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BEFORE you apply the mask(s).....It is most important that you prep your car properly to start with!! Make sure it is clean, free of grease or oil and sanded well. Add primer coat as needed to fill minor scratches and defects in the casting, plus, this adds some adhesion to the overall paint job!!
Failure to properly prepare the casting for paint will normally result in adhesion loss at some point of the mask operation.

Well, the process is really quite simple!!
But there are two basic choices for you to make before you proceed...

Will you be painting the color for the flames first?
~~ OR~~
Will you be painting the color for the MAIN BODY first?

Lets say you will be painting the Flame color first
this method requires the use of Inner Masks.

To start, you will need to spray the color (or colors) for the flames in the area the masks will be applied and allow to dry thoroughly. You can either use one solid color for your flames or you can do a fade of multiple colors at this point. This is only limited to your imagination!!

Some types of paint such as waterbased acrylics should have a light clear coat applied over the color BEFORE applying a mask, otherwise, some paint lifting could occur when the mask is removed...Please note what paint type you are using and if in doubt, its always wise to go ahead and shoot the light coat of clear on at this stage!!
Once the paint has dried thoroughly, simply choose and apply an INNER Mask in the area you want your flames!! You can use one mask, or several or even cut just a few licks off another mask to add to your design!! Again, this is limited only by your imagination!

If using Standard Sheet (Inner -OR- Outer masks, but, NO Application FILM), select a mask that suits your needs, and remove from sheet using a precision pair of tweezers or exacto blade. Use caution not to cut or damage the edge of the mask during removal and always start with the widest portion and peel back towards tips of flames for best results. Care must also be used when mask is removed not to let any of the licks cross each other as they will tend to get stuck to one another and can lead to severe damage. Once on the surface, you should inspect for touching or misaligned flame licks before pressing mask down. Any licks that need to be moved can be realigned with careful exacto blade manipulations.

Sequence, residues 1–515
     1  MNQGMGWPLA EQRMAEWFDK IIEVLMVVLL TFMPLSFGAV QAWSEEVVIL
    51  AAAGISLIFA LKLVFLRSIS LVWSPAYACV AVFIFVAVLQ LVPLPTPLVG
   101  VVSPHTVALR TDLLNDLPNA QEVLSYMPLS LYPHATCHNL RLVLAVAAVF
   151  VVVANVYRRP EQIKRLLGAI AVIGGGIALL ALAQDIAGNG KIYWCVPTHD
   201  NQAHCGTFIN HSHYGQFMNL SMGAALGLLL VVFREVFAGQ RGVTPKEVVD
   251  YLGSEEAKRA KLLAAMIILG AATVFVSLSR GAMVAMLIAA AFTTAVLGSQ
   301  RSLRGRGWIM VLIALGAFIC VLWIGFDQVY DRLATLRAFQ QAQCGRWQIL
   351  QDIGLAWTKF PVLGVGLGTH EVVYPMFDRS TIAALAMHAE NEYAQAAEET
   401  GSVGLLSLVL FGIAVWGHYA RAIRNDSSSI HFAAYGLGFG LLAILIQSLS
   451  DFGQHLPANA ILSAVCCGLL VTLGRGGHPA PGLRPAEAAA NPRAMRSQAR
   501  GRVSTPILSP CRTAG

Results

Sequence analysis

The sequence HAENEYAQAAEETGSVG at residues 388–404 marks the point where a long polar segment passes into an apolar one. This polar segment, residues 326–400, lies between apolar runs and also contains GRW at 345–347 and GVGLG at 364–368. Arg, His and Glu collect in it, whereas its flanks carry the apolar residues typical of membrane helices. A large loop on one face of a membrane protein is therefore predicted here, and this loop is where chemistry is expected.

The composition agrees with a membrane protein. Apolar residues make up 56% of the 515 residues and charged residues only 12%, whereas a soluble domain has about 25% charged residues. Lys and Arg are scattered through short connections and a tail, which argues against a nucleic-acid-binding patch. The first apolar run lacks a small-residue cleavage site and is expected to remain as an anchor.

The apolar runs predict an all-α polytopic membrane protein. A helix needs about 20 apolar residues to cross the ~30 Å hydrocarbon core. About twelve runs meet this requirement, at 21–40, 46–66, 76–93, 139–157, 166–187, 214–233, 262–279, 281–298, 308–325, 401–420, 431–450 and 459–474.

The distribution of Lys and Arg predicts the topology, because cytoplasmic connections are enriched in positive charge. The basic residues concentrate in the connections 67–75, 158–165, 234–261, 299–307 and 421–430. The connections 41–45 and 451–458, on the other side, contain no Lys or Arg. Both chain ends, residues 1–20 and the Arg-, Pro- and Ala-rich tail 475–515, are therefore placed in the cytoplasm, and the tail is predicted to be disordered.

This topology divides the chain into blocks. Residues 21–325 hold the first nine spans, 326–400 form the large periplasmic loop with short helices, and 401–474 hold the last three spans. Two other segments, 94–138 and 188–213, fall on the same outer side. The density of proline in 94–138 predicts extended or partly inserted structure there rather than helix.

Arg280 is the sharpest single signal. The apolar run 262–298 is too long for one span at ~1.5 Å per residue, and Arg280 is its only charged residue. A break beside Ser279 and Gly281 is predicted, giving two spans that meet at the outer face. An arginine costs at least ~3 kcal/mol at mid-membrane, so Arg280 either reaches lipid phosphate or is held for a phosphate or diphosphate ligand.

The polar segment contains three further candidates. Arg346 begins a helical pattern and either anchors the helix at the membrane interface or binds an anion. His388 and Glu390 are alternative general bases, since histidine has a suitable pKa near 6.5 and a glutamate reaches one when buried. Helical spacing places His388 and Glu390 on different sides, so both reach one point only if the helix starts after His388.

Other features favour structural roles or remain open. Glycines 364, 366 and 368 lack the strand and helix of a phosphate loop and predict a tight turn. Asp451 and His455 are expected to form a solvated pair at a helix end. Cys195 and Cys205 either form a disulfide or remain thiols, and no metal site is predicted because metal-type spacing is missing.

**** If using a sheet style WITH Application FILM applied ****

then its just a matter of choosing the mask or masks you desire and cutting it out of the sheet with a pair of scissors, much like you would do if using a decal. The application film can be a lot easier to use as it keeps all the flame licks constrained in their original positions during installation, thus, no worries of crossed or misaligned flame licks. It also can make repositioning/aligning more reliable as long as the mask is not pressed down. I recommend new users begin with either inner or outer mask sheets WITH application film.

Once you have the mask cut out, carefully separate the backing from the mask and film...the mask should be adhered to the film, however, if you notice a mask edge that is still on the backing when attempting to separate the layers, you should either stop, and place the mask on a flat hard surface and use a credit card edge of plastic squeegee to rub over the mask, then attempt to separate again....OR...while separating, use an exacto or razor blade GENTLY placing it under the mask and lifting the edge off the backing, while continuing to pull the film and mask away. This scenario is not common, but, can happen. Normally, the mask will easily come off the backing, and still on the film.